And in the 1990's, again in reaction to perceived abuses, Congress created the "Excess Benefit" laws, allowing the IRS to impose fines on public charity insiders who receive unreasonably high payments and on board members who make that possible.
The 1,040,000+ 501(c)(3) organizations on the rolls today include some of the largest, most influential, and even most infamous organizations ever. It is anybody's guess what the next one hundred years hold for this all-important slice of tax law and history.
501(c)(3) - The Law Today
"Corporations, and any community chest, fund, or foundation, organized and operated exclusively for religious, charitable, scientific, testing for public safety, literary, or educational purposes, or to foster national or international amateur sports competition (but only if no part of its activities involve the provision of athletic facilities or equipment), or for the prevention of cruelty to children or animals, no part of the net earnings of which inures to the benefit of any private shareholder or individual, no substantial part of the activities of which is carrying on propaganda, or otherwise attempting, to influence legislation (except as otherwise provided in subsection (h)), and which does not participate in, or intervene in (including the publishing or distributing of statements), any political campaign on behalf of (or in opposition to) any candidate for public office."
501(c)(3) By Any Other Name
The Code section currently known as 501(c)(3) has been known by many other names over the years. In the Revenue Act of 1913, quoted above, it was section II(G)(a). For the next 30 years, it ran through labels fairly quickly, jumping from 11(a)(6th) to 231(6), to 103(6). The label applied by the Revenue Act of 1934, 101(6), stuck for 20 years, and the name by which we now know it, 501(c)(3), has been around for nearly 50 years.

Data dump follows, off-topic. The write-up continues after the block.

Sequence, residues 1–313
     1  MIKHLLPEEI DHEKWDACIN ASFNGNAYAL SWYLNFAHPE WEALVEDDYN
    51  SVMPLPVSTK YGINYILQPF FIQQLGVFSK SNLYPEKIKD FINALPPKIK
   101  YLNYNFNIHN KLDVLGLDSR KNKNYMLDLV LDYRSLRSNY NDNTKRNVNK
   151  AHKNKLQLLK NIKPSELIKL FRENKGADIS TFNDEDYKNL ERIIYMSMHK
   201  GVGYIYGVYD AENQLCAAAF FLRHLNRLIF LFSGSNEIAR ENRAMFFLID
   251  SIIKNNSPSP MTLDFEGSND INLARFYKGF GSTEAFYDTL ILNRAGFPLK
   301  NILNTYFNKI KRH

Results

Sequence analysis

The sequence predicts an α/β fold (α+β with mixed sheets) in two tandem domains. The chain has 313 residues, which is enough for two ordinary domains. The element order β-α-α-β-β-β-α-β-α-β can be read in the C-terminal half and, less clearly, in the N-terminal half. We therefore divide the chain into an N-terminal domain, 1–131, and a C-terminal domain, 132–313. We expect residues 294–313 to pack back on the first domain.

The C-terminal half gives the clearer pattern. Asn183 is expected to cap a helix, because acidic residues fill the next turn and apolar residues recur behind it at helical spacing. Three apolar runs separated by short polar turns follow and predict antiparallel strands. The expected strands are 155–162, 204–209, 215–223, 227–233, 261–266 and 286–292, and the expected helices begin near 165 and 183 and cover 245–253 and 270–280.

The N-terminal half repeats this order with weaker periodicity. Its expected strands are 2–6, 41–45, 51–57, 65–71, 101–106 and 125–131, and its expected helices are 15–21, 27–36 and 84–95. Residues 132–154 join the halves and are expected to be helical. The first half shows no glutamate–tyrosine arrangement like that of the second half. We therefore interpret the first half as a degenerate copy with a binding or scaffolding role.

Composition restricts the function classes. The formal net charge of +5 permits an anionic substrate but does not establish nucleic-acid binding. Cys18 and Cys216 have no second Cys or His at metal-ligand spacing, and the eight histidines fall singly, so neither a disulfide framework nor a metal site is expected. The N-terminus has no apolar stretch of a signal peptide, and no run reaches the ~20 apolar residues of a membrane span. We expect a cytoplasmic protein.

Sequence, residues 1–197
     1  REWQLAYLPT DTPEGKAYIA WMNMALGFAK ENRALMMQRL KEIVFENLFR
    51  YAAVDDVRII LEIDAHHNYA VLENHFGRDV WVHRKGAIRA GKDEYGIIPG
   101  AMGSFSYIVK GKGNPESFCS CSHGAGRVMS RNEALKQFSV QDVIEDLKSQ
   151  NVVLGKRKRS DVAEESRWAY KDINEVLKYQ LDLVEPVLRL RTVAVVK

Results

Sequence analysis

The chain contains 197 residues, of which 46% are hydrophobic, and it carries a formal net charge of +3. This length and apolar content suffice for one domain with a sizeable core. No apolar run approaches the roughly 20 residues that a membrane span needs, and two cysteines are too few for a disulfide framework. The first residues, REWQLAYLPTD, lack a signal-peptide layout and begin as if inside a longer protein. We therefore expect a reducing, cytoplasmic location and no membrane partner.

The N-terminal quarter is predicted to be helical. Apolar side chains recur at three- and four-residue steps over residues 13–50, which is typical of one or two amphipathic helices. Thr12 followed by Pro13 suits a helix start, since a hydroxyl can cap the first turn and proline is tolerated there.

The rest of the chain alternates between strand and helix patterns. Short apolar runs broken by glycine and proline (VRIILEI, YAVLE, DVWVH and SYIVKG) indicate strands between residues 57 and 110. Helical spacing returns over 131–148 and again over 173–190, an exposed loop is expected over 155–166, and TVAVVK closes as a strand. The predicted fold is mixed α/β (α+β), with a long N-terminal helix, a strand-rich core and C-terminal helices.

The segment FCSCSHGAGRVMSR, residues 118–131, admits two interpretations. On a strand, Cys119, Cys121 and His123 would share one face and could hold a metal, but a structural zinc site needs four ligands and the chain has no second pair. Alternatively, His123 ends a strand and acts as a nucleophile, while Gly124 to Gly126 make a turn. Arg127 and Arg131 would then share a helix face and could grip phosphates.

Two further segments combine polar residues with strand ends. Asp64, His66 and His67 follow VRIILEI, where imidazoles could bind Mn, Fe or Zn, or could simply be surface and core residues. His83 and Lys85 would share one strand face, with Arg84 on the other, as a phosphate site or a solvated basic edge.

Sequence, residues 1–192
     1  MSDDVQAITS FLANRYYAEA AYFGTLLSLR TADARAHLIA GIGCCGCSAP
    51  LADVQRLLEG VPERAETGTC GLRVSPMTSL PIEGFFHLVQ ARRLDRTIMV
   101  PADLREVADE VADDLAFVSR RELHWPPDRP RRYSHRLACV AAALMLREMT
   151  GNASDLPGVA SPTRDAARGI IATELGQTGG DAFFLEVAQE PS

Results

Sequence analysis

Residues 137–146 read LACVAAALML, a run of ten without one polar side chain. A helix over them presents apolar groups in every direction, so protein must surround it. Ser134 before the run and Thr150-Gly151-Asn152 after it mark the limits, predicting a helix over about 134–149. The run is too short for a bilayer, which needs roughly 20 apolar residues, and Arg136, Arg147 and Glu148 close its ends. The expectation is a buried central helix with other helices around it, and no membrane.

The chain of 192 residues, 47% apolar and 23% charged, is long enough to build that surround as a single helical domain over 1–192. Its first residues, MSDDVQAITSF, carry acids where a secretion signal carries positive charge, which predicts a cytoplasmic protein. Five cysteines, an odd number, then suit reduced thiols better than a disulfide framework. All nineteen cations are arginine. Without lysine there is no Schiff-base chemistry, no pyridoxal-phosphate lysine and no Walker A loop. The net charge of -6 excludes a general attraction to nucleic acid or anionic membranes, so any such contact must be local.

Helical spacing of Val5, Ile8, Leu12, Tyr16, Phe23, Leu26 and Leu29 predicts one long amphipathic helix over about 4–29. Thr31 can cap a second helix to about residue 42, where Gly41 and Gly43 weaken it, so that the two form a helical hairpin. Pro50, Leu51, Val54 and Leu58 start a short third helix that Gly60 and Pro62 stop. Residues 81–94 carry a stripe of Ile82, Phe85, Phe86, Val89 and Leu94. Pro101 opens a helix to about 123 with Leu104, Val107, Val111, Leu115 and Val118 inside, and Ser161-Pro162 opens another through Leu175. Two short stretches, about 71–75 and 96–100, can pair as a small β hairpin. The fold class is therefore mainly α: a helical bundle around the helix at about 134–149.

Changes in Our Idea of Charity
As society has changed in the last century, so has the concept of charity, taking it well beyond simply helping the poor. Today's charities encompass a wide variety of activities that serve the common good, including establishing or maintaining public buildings, monuments or works, relieving the burdens of government, reducing neighborhood tensions, eliminating prejudice and discrimination, defending human and civil rights, battling community deterioration, combating juvenile delinquency, promoting the arts, and preserving and protecting the natural environment for the benefit of the public.
Examples of 501(c)(3) organizations:
Churches, synagogues, mosques, temples, interchurch organizations, integrated auxiliaries of churches, non-profit hospitals and their auxiliaries, non-profit clinics and medical research facilities, colleges, universities, private schools, non-profit day care centers and preschools, adult education and community schools, legal aid organizations, historical societies, environmental organizations, museums, zoos, symphonies, orchestras and bands, opera groups, non-profit theater, dance and other performance groups, arts organizations, non-profit marriage, personal and vocational counseling, non-profit drug/alcohol abuse prevention/treatment/rehabilitation, youth organizations, humane societies, scholarship funds, aid to the homeless, aid to the handicapped, aid to the elderly, combating prejudice and discrimination, civil rights organizations, evangelist and missionary groups, and public television and radio.